Artificial intelligence and cloud computing are terms once reserved for the realms of science fiction. But, today, they’ve become an increasingly important — and lucrative — fixture of the employment landscape.

“Some of the top skills we’re seeing that are in great demand are artificial intelligence, big data, cloud computing,” Feon Ang, vice president for talent and learning solutions in Asia Pacific at professional networking site LinkedIn.

The demand applies globally. However, it especially pertains to the most sought-after skills in Asia Pacific, which is currently suffering a “brain drain,” whereby talented workers are relocating overseas for better socio-economic prospects, Ang told CNBC’s “Capital Connection” Tuesday.

Tech skills should not be viewed in isolation, though — especially given the changing nature of technology.

By some measures, the average skill now lasts just six years, which means that workers should be well-equipped with the skills to adapt to the changing work environment.

Such so-called soft skills include critical thinking, creativity, and problem solving, noted Ang.


Increasingly, employers and governments are looking at ways to prepare their workforce for such shifts in the jobs landscape.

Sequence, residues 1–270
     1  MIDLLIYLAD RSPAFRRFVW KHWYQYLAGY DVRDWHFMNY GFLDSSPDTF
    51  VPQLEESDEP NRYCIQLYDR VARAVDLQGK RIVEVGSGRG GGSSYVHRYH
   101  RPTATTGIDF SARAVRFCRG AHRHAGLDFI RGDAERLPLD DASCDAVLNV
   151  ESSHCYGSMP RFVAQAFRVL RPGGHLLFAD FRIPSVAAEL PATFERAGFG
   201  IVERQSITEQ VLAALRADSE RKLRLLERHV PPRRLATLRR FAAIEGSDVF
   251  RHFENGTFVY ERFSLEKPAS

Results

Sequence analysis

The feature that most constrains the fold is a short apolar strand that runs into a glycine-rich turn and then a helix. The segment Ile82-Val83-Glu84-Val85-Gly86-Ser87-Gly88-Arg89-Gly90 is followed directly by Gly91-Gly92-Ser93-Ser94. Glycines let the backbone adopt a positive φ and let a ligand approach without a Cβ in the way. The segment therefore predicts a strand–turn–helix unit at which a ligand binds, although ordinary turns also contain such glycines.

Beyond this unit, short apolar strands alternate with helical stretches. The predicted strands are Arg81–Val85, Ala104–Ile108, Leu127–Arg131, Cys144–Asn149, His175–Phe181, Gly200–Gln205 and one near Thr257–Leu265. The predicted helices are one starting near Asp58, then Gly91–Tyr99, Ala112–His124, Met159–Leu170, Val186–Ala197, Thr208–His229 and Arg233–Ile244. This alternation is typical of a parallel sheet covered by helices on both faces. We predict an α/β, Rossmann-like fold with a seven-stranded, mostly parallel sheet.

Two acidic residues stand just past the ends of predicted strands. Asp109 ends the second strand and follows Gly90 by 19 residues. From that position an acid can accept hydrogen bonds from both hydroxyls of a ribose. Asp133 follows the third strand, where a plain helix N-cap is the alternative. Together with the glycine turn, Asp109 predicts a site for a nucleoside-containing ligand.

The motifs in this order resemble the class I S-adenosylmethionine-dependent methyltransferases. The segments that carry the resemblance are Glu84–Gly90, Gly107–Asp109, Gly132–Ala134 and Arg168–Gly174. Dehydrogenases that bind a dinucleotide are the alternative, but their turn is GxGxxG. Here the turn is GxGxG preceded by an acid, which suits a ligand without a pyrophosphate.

Amazon announced last month that it plans to invest $700 million to retrain a third of its workforce. Meanwhile, Democratic presidential hopeful Andrew Yang is rallying support for a universal basic income to help Americans cope with volatile future work prospects.

Non-profit organizations, such as international training academy Women Who Code, are also cropping up to address growing skills gaps.

Women Who Code provides training and support from women pursuing careers in tech specifically. But the firm’s CEO, Alaina Percival, told CNBC Tuesday that more companies should be providing training, regardless of whether or not their employees’ work is directly technical.

“This really needs to be done more broadly and it needs to be starting at even younger ages,” said Percival. “Every industry is becoming a technology industry. There aren’t enough highly skilled workers to fill the current market needs.”

However, the responsibility for picking up new skills also falls to individuals, said Ang.


She said the growing availability of free training courses has made accessing education much simpler. LinkedIn Learning, for instance, hosts a wide range of video-based courses, she noted. Meanwhile, more than 10,000 free — or partially free — programs from a consortium of 800 universities are also available online via a scheme called Massive Open Online Courses (MOOCs).

“It’s important for companies to continue to invest in their people so that they are upskilling and reskilling their people to keep up with the roles that are in demand,” said Ang.

“But, at the same time, people need to continue to invest in themselves and have a growth mind set,” she said.

This article first appeared on CNBC and is republished with its permission.